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Pauli Exclusion Principle

Last updated date: 16th May 2024
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All About the Principle

In 1925, the Austrian physicist Wolfgang Pauli proposed Pauli’s exclusion principle. Pauli’s exclusion principle states that no two electrons can have the same set of quantum numbers or quantum states. It is known as Pauli’s exclusion principle because it excludes electrons from being in the same quantum state. The Pauli exclusion principle is valid throughout atomic and quantum physics, it is extremely powerful and broadly applicable. Pauli’s exclusion principle is one of the important concepts that help us to understand the atomic structures and arrangement of molecules.


What is the Pauli Exclusion Principle?

All atoms except hydrogen atoms are multi-electron atoms. The physical and chemical properties of elements are directly related to the number of electrons in a given atom. The periodic table of the elements groups elements with identical properties into columns. This systematic arrangement is related to the number of electrons in a neutral atom, known as the atomic number, denoted by Z.  The exclusion principle is key to the underlying explanations, and that it applies far beyond the realm of quantum physics.

The Pauli exclusion principle dictates this arrangement effectively forces electrons to take up space in the atom. By recognizing that no two electrons can occupy the same quantum state simultaneously, it effectively stops electrons from piling up on top of each other, thus explaining why matter occupies space exclusively for itself and does not allow other objects to pass through it, while at the same time light and radiation are allowed to pass.

The Pauli exclusion states that no two electrons can have an identical set of quantum numbers. The Pauli principle applies to identical particles with half-integral spin i.e., S = 1/2, 3/2, 5/2  In other words, each electron should have its own singlet state or unique state. The salient features of the Pauli exclusion principle are as follows:

  1. In a given orbital only two electrons can occupy different quantum states.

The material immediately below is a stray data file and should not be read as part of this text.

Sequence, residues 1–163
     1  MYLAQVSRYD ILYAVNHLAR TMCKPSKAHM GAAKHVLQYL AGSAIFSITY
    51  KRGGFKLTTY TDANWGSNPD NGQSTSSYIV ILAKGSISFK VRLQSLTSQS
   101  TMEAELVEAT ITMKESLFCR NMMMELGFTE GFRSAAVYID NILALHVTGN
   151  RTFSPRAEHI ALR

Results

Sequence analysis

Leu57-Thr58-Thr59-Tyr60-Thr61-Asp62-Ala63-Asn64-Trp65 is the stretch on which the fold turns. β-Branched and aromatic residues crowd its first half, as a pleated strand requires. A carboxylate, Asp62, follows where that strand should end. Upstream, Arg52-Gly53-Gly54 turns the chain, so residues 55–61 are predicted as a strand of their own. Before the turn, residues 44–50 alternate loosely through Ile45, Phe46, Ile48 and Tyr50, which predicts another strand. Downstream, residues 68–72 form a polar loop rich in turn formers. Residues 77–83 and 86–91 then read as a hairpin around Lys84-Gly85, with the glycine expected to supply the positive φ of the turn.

2. The two electrons occupied in a given quantum state must have an opposite spin or in other words, should be antiparallel to one another.

The Pauli exclusion principle isn’t only valid for the electrons but also for other elementary particles with half-integral spin, for example, fermions. The Pauli exclusion principle does not hold good for the elementary particles such as bosons that possess full integer spins. The Bosons can have or share the same quantum states simultaneously, which violates the exclusion principle. Thus the Fermi Dirac distribution follows the Pauli exclusion principle whereas the Bose-Einstein distribution violates the exclusion principle.


Define Pauli Exclusion Principle?

The Pauli Exclusion principle is one of the important principles for the arrangement of electrons in an atom along with the Aufbau principle and Hund’s rule. The Pauli exclusion principle states that- no two electrons can have the identical set of quantum numbers or quantum states simultaneously. Every electron should have a unique quantum number and quantum states. 

From the Pauli exclusion principle definition, we understood that No two electrons with up spin can be arranged together at the same time no two electrons with down spin can be arranged in a single quantum state. The Pauli exclusion principle in chemistry is as important as the Pauli exclusion principle in physics.


Pauli Exclusion Principle in Chemistry:

In chemistry, the principle is mainly used to explain or determine the electron shell structure of atoms and predict which atoms are likely to have free electrons at the end of configurations. How is the exclusion principle used in chemistry or where does it apply? So, if we have a look at the atoms whenever it gains a new electron or electrons it usually tries to reach their lowest energy state or it shifts to the outermost shell. Now, if the state has one electron then it can either be up spin or down spin. Therefore, now if we consider the Pauli exclusion principle if there are two electrons in a state, then each of the electrons must have either spin up or spin down but can not have the same spin.


Pauli Exclusion Principle Example: